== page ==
Ya…that shouldn’t bring anyone a moment of comfort. Those efforts are almost always counterproductive. What we’re seeing domestically and internationally is a by-product of people pulling these strings for so long. They did it after the dot-com bubble, which created an even larger one. Then that one burst, and the world was subsequently flooded with more liquidity than anything seen in history. Now we have substantial asset mispricing everywhere, including several RE markets in Canada.

    But they don’t really have another alternative, do they? Inflate or die. But there really isn’t much inflation. So what do they do…yet again – or more to the point, what is the definition of insanity?

    Sooner or later, the only real solution to this mess is the same solution that always rebalances these variations. The larger the imbalance, the greater the correction will be. I would loathe to see GFC 2.0, but we seem intent in making it as likely as we possibly can.

  41. Lots of people pulling strings to prevent the bomb from going off. 2009 was a surprise as they were all drugged by the euphoria of the easy money. The same reactions won’t happen with this deb bomb. It’s not out there on it’s own waiting to blow so keep that in mind. I think there is ever mounting risk without question but don’t count an explosion to get into the market at big discounts. If such a thing happens who knows what the side effects are. In Hawks case the stock market crashes too and the algorithms will evaporate the penny stocks in seconds and you will wake up with nothing left to buy with…. In other words, careful what you wish for….

  42. Intorovert missed the news again that Harper bailed out the banks for $113 Billion of high risk mortgages that should have been called in and instead flipped them to taxpayers into CMHC.

    Its called saving your political ass, not conservative money management especially when creating 35 and 40 year mortgage to keep the bubble alive. This is the cause of 167% household debt bomb thats close to blowing up.

  43. If interest rates rise meaningfully, the bond market will crash, with associated lasting and far-reaching impact on real estate. So, while the central banks may talk in “hawkish” terms, it’s just talk.

    I agree with you Lore, banks are not leaders, they are not proactive but reactive tending to follow each other.

    As for JT being ornamental – aren’t they all? And I don’t mind him being that way and setting a tone for Canada with his easy going manner and interaction with the public, he’s the antithesis of Trump. Do I expect great things or innovations from him – No. But he’s a good ambassador to the World.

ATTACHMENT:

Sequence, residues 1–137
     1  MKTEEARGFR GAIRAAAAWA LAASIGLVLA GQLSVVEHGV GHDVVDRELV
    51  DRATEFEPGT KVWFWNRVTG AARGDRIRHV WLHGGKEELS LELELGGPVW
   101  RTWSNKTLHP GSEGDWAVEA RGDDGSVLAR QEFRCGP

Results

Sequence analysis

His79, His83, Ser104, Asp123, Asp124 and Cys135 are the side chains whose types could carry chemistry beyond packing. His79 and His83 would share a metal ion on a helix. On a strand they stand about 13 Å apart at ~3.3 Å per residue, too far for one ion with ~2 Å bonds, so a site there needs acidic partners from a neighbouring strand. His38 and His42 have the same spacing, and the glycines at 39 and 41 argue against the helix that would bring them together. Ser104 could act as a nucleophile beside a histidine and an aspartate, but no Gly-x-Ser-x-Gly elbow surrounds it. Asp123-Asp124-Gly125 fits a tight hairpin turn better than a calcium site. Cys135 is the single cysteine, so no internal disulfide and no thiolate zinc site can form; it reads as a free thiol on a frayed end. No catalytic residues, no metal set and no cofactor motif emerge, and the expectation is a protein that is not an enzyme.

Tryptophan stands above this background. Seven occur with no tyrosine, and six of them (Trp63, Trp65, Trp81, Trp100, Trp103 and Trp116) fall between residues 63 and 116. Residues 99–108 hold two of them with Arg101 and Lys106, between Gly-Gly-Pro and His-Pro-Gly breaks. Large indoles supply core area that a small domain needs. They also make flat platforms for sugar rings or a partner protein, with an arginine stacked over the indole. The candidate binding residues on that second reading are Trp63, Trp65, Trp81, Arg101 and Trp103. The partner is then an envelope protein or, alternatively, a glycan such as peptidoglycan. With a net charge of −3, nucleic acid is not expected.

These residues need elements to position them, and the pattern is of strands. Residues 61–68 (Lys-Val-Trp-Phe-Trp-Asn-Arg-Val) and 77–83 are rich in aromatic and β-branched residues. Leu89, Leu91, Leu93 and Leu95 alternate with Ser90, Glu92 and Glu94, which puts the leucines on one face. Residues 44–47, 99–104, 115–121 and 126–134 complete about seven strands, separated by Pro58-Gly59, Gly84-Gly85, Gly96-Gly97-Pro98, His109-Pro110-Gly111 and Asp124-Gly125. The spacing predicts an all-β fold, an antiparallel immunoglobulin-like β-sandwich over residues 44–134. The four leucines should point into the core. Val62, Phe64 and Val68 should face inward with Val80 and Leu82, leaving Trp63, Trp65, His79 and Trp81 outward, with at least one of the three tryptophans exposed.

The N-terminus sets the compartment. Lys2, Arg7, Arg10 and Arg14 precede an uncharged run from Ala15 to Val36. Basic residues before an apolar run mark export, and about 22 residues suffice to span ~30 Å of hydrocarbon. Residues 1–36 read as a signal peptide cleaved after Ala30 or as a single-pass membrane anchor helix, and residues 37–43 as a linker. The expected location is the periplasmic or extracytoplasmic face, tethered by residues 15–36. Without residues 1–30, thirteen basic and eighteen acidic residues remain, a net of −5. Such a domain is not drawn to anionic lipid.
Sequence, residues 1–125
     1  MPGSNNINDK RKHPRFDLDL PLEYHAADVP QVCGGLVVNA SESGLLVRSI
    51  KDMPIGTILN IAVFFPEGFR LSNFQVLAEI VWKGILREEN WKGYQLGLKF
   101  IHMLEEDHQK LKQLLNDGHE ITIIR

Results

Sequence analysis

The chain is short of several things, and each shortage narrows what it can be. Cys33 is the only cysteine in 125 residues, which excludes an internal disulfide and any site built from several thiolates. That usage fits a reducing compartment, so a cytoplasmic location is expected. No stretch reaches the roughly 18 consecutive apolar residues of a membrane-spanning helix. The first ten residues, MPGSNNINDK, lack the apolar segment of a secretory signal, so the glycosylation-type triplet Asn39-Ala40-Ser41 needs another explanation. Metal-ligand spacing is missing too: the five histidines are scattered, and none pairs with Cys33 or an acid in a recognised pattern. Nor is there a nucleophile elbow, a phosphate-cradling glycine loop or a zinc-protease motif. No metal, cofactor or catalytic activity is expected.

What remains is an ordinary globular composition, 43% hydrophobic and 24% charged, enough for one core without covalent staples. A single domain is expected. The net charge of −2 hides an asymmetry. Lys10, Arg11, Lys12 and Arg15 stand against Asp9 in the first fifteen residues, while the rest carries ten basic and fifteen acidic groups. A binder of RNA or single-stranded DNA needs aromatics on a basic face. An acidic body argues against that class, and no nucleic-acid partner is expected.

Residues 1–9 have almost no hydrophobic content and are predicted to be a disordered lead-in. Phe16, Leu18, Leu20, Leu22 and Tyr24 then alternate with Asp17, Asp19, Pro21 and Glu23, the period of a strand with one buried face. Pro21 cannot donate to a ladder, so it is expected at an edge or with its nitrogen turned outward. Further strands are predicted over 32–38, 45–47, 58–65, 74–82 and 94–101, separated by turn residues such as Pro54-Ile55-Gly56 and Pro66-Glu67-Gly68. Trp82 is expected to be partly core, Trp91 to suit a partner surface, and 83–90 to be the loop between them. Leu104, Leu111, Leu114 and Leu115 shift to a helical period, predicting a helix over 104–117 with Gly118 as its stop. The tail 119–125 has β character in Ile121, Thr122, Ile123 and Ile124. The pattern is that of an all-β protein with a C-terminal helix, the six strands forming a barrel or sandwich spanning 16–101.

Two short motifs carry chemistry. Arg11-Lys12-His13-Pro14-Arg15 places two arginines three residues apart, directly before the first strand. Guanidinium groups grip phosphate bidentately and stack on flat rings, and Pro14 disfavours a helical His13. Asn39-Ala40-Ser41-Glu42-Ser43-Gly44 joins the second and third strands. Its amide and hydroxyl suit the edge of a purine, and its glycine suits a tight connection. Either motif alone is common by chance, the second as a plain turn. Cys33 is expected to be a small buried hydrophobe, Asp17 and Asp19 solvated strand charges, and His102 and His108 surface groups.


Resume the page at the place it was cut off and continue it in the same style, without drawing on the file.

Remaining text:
Any “great” leader of any nation has had bad offsets to their leadership. It comes from being a megalomaniac.

    Here’s a video of someone I think should be the next President of the USA

    https://youtu.be/-ukv9v7IGZw

  44. “Why weren’t those ‘moves that should have been made years ago’ not made when the Conservatives were in power…?

    Because the Harper Conservatives weren’t particularly conservative. Like most political parties, they use labels as a matter of convenience, generally misleading the shallow electorate.

    “You’re out to lunch”

    Not so out to lunch that I would mistake a fallacious personal attack for a well developed counter argument. FAIL. Try again. I’ll make an effort to give your thoughts due consideration, but know that the weight of evidence is stacked against the just-think-positive-ignore-the-negative crowd.

  45. … so it follows that politically unpalatable reforms seem unlikely unless and until a conservative regime replaces him, at which point the moves that should have been made years ago will finally be carried out, and the conservative government will (mistakenly) be held responsible for the subsequent carnage.

    Um, why were those “moves that should have been made years ago” not made when the Conservatives were in power for that super brief period from 2006-2015?

    Lore, you’re clearly out to lunch, so it makes perfect sense that you’re

    … inclined to agree with Hawk.

  46. I think going forward even in slower markets deals will be harder to land due to the absorption of PCS accounts/flow of information, but situations will come up.